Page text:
Egg donor agencies are all about matching families with qualified egg donor candidates. And at Cofertility, we want to make sure we’re upfront about what might disqualify someone from egg donation.
Through our Split program, if you qualify, you can freeze your eggs for free if you donate half of the eggs to a family who can’t otherwise conceive. But some factors may limit eligibility (for Split and egg donation in general). Some of these are official disqualifiers based on regulations by the FDA. Others are discretionary disqualifications based on recommendations by governing bodies like the American Society for Reproductive Medicine (ASRM). Read on to get the full picture.
Unfortunately, most doctors and agencies will turn a donor away if she’s over age 33. At Cofertility, we take a similar approach for our Split program.
The reason for this age limitation is because data shows that, on average, those over 33 tend not to respond to fertility medication as well and therefore may not produce as many eggs. Also, research shows that, unfortunately, egg quality declines with age.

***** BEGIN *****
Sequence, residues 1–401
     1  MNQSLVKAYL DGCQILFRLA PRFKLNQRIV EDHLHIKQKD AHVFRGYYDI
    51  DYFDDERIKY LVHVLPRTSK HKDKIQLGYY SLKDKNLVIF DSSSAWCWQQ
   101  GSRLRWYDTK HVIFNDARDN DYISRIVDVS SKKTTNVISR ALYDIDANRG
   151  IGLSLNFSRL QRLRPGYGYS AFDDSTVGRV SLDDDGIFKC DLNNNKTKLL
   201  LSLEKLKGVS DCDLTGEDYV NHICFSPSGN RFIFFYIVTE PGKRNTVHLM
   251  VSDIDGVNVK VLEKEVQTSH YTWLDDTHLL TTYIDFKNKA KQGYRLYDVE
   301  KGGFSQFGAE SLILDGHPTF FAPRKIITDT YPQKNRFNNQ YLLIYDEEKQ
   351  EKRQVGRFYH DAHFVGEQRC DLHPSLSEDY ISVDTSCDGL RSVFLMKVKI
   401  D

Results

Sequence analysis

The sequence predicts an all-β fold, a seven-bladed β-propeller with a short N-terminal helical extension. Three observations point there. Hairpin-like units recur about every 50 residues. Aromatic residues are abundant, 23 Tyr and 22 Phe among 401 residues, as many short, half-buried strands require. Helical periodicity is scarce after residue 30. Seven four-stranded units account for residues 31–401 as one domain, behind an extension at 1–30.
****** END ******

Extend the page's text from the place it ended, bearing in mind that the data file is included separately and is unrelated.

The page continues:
If you are 34-39, you are still eligible to participate in our Keep program, where you can freeze your eggs and keep 100% of them for yourself. Also, if you are over 33 and donating for a family member or friend, a doctor may approve you for egg donation on a case-by-case basis.
Please note, per ASRM guidelines, we also do not accept Split members who are under 21. If you’re younger than this and you’d like to participate, please reach out and we’ll get back in touch after you turn 21.
As a preliminary step in the process, we will review several health-related factors before you can be approved for egg donation.
For starters, you’ll need to have two ovaries and you cannot have taken a Depo Provera shot, which can interfere with hormonal medications, within the past 6 months.
Due to these hormonal medications you’ll need to take during egg freezing, you also cannot be currently pregnant or breastfeeding. However, if you plan to stop breastfeeding within the next six months, you can still go through with your Split application. You’d just need to hold off on your actual freezing cycle until then, and this situation would be communicated to potential match families.
Additionally, you’ll need to have a BMI of 18-29. Those outside of this range are at increased risk of complications, negative outcomes, and negative side effects from hormonal medications or an egg retrieval.